The European Commission has launched two initiatives aimed at reducing the EU’s reliance on foreign technologies by bringing together industry, member states and other organizations to co-invest in semiconductor and cloud and edge computing. The two alliances will develop “ambitious” roadmaps to develop and deploy the next generation of data processing technologies and semiconductors. These initiatives are part of the EU’s revamped industrial strategy, which was updated after shortages of essential goods and technologies during the COVID-19 pandemic highlighted the extent to which the EU is reliant on other countries for their manufacturing.
The semiconductor initiative aims to reverse the trend of offshoring to countries with a lower cost base that began in the late 1990s, signalling the end of Europe’s position as a major semiconductor producer. As of now, at least 22 member states have signed up to the alliance. The computing alliance aims to move away from centralized data processing to edge computing, where data is stored closer to its source, and to develop and deploy secure and resource-efficient data processing technologies. The alliances are open to all public and private organizations, subject to certain conditions being met, such as complying with cybersecurity standards and having legal representation in at least one of the member states.
The semiconductor initiative aims to boost local production and bring back design and manufacturing from Asia, where 75% of global production of microchips currently takes place. By doubling Europe’s share of global semiconductor production to 20% and fabricating two-nanometre chips by 2030, the initiative aims to reduce Europe’s reliance on foreign technologies. The two-nanometre chips have the potential to cut down energy consumption on a massive scale.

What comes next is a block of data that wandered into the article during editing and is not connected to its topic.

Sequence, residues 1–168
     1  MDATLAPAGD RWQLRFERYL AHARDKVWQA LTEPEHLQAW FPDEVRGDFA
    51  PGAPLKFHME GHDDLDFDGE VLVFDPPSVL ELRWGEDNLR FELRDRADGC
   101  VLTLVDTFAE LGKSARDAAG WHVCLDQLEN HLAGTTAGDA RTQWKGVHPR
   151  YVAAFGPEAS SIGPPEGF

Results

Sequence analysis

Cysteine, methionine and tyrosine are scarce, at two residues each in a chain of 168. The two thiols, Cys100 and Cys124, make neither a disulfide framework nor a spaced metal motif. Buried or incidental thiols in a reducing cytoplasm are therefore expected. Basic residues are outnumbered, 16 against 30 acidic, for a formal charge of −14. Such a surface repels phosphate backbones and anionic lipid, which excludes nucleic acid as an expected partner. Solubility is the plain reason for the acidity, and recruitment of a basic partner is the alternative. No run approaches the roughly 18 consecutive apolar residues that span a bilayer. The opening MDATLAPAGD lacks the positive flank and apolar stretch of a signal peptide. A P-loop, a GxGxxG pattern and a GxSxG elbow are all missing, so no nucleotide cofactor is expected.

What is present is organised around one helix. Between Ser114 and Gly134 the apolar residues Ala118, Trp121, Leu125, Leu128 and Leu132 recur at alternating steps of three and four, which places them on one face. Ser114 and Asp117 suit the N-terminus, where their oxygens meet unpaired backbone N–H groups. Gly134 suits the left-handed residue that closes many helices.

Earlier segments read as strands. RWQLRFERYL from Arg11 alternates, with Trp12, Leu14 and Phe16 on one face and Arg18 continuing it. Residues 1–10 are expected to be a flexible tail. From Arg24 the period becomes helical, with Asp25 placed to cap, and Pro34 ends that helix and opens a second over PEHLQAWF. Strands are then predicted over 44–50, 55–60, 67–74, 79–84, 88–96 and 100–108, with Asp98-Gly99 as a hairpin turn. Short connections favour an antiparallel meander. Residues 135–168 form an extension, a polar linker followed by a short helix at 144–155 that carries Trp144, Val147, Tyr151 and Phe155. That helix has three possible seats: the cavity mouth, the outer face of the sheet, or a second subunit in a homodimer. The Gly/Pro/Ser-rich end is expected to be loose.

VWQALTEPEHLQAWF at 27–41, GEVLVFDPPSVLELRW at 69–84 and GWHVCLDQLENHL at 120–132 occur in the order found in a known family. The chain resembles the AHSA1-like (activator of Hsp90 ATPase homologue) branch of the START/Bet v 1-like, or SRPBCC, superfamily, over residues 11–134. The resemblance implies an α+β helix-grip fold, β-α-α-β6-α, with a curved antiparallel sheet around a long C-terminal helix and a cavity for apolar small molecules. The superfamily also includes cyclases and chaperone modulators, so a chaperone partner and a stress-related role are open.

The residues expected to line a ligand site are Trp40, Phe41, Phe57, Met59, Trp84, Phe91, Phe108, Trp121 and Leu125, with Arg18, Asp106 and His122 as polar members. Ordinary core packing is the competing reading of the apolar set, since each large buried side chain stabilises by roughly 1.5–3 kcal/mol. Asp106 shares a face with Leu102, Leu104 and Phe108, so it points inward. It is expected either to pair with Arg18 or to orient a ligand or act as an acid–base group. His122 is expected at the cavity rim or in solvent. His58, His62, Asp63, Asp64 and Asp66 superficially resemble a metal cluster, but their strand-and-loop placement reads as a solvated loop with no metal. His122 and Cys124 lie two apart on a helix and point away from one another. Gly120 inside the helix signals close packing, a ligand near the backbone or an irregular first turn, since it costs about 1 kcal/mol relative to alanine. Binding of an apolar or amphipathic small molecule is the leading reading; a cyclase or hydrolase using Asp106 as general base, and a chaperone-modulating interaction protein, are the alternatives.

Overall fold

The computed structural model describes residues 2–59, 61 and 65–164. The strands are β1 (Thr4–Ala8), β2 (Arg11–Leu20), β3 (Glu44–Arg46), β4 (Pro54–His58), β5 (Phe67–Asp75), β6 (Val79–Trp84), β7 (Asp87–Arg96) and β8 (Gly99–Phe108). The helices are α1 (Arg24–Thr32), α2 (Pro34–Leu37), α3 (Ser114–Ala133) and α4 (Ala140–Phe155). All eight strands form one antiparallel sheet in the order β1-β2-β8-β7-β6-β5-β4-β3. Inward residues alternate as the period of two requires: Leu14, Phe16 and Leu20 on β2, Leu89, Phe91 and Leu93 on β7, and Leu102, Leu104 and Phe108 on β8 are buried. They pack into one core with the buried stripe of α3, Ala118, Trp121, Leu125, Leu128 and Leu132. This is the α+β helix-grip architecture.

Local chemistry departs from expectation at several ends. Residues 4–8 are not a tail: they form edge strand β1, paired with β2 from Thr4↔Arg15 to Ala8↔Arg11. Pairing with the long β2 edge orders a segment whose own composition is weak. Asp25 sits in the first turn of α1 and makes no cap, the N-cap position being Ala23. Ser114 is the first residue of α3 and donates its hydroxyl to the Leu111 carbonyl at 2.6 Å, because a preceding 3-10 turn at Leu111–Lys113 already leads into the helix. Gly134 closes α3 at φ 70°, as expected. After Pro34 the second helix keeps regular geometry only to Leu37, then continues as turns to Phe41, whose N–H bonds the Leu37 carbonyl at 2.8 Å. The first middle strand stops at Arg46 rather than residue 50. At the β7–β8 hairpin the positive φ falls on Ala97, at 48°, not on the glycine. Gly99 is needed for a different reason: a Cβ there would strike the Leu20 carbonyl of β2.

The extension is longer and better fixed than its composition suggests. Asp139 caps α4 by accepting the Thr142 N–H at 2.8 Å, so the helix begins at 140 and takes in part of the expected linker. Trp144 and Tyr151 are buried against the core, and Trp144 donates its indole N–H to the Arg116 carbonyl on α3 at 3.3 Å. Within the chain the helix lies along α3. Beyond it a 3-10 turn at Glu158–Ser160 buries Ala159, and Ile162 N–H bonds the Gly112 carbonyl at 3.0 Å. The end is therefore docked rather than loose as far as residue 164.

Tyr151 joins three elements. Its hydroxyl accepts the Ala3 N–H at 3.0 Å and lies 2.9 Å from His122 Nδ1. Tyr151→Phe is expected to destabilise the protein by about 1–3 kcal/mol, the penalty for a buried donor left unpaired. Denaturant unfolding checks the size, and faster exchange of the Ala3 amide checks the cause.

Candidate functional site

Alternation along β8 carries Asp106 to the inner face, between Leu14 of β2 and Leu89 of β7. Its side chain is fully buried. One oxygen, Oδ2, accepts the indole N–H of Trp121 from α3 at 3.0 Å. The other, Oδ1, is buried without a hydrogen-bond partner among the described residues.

The computing alliance aims to encourage the take-up of cloud services by SMEs, start-ups and the public sector, and to federate cloud capacity around Europe in line with the Franco-German Gaia-x initiative. This will allow services to be accessed seamlessly from any member state, regardless of where the physical hardware is based, with agreed policy and technical norms for all services. All 27 EU member states have signed up to be a part of the effort.
The European Commission’s two alliances represent a significant step towards reducing the EU’s reliance on foreign technologies. By boosting local production and bringing back design and manufacturing from Asia, the semiconductor initiative aims to reverse the trend of offshoring and reduce Europe’s reliance on foreign technologies. The computing alliance aims to develop and deploy secure and resource-efficient data processing technologies and encourage the take-up of cloud services by SMEs, start-ups and the public sector. By federating cloud capacity around Europe, the alliance aims to enable services to be accessed seamlessly from any member state, with agreed policy and technical norms for all services.